M. Cecilia Caino, PhD

Assistant Professor

Cecilia Caino 3-2

Contact Information:

University of Colorado Denver
Department of Pharmacology
Mail Stop 8303, RC1-South
12801 East 17th Ave
Aurora CO 80045

Phone: (303) 724-3528
Fax: (303) 724-3663
Office: RC1-South, L18-6124

Metastastic cancer remains incurable and invariably kills 90% of cancer patients. Despite significant progress in determining the molecular and biochemical determinants of the metastatic cascade, we still lack actionable targets for metastatic disease. Filling this gap, our lab focuses on understanding the importance of mitochondria biology in metastatic breast and prostate cancer.  Mitochondria are bioenergetic, biosynthetic, and signaling organelles that have been implicated in various aspects of tumorigenesis and therapy resistance.  Indeed, mitochondrial respiration has been linked to oncogene-dependent transformation, metabolic reprogramming, protein translation, tumor repopulation, cell motility and metastasis.  In this context, mitochondrial quality control mechanisms are emerging as drivers of metastasis and attractive therapeutic targets. 


Mitochondrial dynamics in cancer. A key mechanism by which tumors regulate mitochondrial functions are the collective processes of mitochondrial dynamics. Mitochondrial dynamics refers to spatiotemporal regulation of gross morphology, transport of organelles, inner membrane and cristae morphology, communication between adjacent mitochondria and contact with other organelles such as the endoplasmic reticulum. Tumor microenvironmental conditions (hypoxia, starvation and oxidative stress) exploit mitochondrial dynamics as adaptive mechanisms. In this context, the possibility that mitochondria trafficking might affect tumor biology is poorly studied. In a series of recent contributions, we show that tumor cells reposition mitochondria at subcellular sites of high energetic demands, thus powering up mechanisms of invasion and metastasis. Disparate stimuli, ranging from growth factor stimulation, to therapy resistance to hypoxic stress, led to the trafficking of energetically active mitochondria to the cortical cytoskeleton of tumor cells. In turn, regional energy production supported membrane lamellipodia dynamics and increased turnover of focal adhesion complexes.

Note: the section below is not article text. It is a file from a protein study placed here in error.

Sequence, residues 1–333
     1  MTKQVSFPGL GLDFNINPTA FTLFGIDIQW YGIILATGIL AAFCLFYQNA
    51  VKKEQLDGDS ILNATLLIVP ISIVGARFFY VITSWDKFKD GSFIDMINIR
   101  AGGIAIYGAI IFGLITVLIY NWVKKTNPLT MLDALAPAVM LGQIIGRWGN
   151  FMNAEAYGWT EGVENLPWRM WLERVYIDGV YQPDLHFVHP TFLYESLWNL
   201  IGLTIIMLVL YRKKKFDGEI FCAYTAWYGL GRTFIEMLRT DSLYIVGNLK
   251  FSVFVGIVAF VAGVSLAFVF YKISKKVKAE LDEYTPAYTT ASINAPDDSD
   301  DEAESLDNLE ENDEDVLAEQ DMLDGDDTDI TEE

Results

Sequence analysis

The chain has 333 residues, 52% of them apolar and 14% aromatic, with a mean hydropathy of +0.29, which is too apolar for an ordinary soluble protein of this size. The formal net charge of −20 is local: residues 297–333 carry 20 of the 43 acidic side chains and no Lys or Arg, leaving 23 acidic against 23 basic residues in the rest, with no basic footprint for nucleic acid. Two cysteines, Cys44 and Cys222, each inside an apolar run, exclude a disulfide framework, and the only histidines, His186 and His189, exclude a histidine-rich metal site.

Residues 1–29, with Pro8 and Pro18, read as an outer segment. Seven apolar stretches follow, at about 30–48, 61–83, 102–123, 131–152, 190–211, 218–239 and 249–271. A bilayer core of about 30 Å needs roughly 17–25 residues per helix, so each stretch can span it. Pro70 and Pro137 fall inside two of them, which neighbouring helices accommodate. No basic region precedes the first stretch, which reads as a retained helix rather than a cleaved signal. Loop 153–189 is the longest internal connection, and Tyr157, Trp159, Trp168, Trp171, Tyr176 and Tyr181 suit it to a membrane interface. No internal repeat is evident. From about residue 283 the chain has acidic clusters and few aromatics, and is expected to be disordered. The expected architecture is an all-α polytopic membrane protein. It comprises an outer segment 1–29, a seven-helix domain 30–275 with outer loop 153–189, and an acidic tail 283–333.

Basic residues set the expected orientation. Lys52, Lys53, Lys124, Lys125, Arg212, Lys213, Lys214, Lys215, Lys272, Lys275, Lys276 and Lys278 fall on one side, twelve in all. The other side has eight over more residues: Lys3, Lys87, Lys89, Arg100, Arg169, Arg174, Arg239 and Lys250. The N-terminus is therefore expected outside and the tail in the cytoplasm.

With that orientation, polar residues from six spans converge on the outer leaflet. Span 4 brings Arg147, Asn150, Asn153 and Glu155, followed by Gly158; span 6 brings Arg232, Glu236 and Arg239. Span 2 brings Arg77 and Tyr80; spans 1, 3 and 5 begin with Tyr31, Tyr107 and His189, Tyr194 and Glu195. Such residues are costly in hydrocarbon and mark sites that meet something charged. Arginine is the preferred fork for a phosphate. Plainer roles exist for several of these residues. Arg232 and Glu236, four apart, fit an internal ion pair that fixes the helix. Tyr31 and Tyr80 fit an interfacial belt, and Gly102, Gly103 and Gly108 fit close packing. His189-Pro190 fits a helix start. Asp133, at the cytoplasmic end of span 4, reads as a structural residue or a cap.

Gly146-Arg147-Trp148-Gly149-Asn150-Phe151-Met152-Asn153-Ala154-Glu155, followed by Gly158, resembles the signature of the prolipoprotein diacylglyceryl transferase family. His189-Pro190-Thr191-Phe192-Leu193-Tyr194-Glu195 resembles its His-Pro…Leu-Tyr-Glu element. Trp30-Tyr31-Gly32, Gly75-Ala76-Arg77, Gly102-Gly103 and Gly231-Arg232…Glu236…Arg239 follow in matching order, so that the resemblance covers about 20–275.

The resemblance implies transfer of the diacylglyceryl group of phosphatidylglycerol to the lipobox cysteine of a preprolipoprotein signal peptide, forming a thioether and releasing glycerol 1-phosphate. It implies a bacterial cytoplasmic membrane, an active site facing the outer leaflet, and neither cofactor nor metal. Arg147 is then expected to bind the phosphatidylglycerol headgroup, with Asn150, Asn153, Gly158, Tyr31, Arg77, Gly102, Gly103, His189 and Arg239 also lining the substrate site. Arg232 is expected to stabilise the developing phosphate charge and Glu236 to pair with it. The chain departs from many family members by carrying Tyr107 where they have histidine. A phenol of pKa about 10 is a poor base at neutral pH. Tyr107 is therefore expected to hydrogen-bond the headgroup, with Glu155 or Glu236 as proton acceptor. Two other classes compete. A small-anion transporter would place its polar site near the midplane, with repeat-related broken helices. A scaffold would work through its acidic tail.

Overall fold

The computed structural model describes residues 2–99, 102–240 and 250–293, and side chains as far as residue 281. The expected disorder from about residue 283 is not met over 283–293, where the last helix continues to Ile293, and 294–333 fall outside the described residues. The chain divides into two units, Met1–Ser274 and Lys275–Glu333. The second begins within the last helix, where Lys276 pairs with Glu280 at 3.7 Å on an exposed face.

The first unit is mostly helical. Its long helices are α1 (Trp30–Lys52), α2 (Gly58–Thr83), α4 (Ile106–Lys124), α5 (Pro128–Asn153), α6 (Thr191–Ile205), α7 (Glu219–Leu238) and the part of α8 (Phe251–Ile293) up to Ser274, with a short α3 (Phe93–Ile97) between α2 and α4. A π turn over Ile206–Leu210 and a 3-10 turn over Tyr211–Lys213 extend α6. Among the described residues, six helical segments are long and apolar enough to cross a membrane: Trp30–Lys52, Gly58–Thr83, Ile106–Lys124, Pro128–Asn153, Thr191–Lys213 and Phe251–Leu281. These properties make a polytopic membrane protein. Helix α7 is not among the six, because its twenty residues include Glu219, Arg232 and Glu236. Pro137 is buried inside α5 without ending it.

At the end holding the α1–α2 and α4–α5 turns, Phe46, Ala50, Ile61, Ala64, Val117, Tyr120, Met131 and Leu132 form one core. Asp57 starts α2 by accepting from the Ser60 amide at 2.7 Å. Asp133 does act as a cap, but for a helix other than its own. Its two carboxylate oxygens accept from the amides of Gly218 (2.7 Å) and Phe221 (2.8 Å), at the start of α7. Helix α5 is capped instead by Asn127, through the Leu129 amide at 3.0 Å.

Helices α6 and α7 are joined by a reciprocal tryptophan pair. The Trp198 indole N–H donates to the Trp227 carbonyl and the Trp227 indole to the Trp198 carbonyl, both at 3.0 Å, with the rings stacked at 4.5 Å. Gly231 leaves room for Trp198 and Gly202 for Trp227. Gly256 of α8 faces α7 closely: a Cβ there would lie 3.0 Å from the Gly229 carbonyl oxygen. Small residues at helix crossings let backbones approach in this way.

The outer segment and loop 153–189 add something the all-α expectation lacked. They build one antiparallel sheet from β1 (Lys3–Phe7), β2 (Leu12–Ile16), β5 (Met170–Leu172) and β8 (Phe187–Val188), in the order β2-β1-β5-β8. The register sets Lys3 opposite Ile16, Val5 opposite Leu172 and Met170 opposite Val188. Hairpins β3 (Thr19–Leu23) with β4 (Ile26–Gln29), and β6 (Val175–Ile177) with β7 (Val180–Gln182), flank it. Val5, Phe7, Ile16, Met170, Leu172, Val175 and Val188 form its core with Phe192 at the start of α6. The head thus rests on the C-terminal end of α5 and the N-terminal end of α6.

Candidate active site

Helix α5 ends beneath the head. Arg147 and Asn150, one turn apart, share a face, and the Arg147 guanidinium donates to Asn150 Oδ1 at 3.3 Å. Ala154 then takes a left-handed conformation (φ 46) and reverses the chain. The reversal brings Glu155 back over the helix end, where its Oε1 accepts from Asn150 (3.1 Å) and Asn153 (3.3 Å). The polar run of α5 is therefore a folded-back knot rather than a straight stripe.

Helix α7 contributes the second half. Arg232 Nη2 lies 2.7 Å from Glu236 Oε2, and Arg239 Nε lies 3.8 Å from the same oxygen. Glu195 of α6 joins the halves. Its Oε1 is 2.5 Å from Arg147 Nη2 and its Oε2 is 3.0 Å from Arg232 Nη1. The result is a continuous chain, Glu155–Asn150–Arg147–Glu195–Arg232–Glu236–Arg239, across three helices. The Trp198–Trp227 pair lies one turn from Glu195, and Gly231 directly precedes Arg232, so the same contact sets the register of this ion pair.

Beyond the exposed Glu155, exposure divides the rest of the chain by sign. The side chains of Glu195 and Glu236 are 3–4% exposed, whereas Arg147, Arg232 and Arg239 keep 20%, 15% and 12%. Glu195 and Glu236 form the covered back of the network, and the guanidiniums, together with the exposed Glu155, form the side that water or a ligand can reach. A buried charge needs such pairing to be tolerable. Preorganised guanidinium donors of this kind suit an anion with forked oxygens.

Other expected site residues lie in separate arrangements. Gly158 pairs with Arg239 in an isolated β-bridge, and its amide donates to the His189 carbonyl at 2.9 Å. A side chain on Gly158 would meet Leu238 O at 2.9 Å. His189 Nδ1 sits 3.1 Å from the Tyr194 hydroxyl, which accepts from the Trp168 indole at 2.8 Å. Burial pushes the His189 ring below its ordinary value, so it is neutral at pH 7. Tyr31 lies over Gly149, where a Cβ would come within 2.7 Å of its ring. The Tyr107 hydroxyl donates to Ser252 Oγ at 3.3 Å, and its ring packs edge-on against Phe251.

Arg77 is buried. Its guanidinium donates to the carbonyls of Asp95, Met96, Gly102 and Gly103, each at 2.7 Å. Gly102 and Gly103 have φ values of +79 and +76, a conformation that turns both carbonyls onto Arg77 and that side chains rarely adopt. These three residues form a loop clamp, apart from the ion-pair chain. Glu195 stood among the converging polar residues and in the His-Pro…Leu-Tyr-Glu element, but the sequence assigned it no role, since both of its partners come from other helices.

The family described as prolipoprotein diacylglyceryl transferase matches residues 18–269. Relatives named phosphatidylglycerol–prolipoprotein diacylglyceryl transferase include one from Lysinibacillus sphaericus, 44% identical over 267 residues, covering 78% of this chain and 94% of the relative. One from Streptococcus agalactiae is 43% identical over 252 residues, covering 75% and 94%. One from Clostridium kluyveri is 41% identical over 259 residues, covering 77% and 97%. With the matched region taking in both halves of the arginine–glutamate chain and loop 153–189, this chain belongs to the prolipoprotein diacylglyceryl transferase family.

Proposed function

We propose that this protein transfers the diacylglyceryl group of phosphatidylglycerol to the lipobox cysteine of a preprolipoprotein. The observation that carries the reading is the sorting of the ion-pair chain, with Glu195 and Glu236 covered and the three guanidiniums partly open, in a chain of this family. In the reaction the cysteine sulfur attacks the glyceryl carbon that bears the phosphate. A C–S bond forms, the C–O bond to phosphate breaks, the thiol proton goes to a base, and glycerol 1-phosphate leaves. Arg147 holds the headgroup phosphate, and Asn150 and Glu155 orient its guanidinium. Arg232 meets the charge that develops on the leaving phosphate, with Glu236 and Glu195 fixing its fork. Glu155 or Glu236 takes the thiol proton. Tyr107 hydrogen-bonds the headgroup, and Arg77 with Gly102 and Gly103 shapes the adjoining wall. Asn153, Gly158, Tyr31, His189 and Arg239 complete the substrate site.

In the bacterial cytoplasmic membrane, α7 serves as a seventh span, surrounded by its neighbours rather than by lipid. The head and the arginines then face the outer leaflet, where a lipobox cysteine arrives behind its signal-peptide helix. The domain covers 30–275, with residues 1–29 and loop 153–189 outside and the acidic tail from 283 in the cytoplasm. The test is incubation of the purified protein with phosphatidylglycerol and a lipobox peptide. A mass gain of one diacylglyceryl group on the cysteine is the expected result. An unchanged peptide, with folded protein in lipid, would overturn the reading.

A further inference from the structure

Deregulated mitochondrial trafficking fuels metastasis. The mitochondrial trafficking machinery had been previously studied in the context of neuronal cells, and many of the molecules were believed to be neuron-specific.  Recently, we identified the molecular motors and adaptors responsible for trafficking of mitochondria in tumor cells by a genome-wide shRNA screen. Syntaphilin (SNPH), the molecular brake anchoring mitochondria to microtubules, is broadly expressed in normal tissues and lost in most cancer types, including breast cancer. Higher levels of SNPH were associated with removal of mitochondria from the cortical cytoskeleton, impaired focal adhesion dynamics and inhibition of tumor cell invasion and metastasis. In patients, SNPH loss in tumors correlated with shortened patient survival. Conversely, positive regulators of mitochondrial trafficking, the mitochondrial Rho GTPases (Miro) 1 and 2, were overexpressed in patient cohorts and were associated with poorer prognosis. Our current goal are: (i) to  dissect the molecular mechanisms underlying mitochondrial trafficking in tumors, particularly in the context of hypoxic stress from the tumor microenvironment; (ii) to understand how rewiring of the mitochondrial network in tumors impacts cellular behaviors that drive progressive and lethal cancer; and (iii) to examine the contribution of the mitochondrial trafficking components (SNPH, Miro1/2 and Kinesin) to tumor cell invasion and metastatic dissemination. ​ 

Current Lab Members

First NameLast NameMiddle Initial DegreePosition
DillonBoulton BSGraduate Student
MadisonFurnish BSGraduate Student
VictoriaGenther BS/MSProfessional Research Assistant
DenisaGrofova MSGraduate Student



First NameLast NameMiddle InitialDegreePosition
MitchellEllinwood BSCU Cancer Center Fellow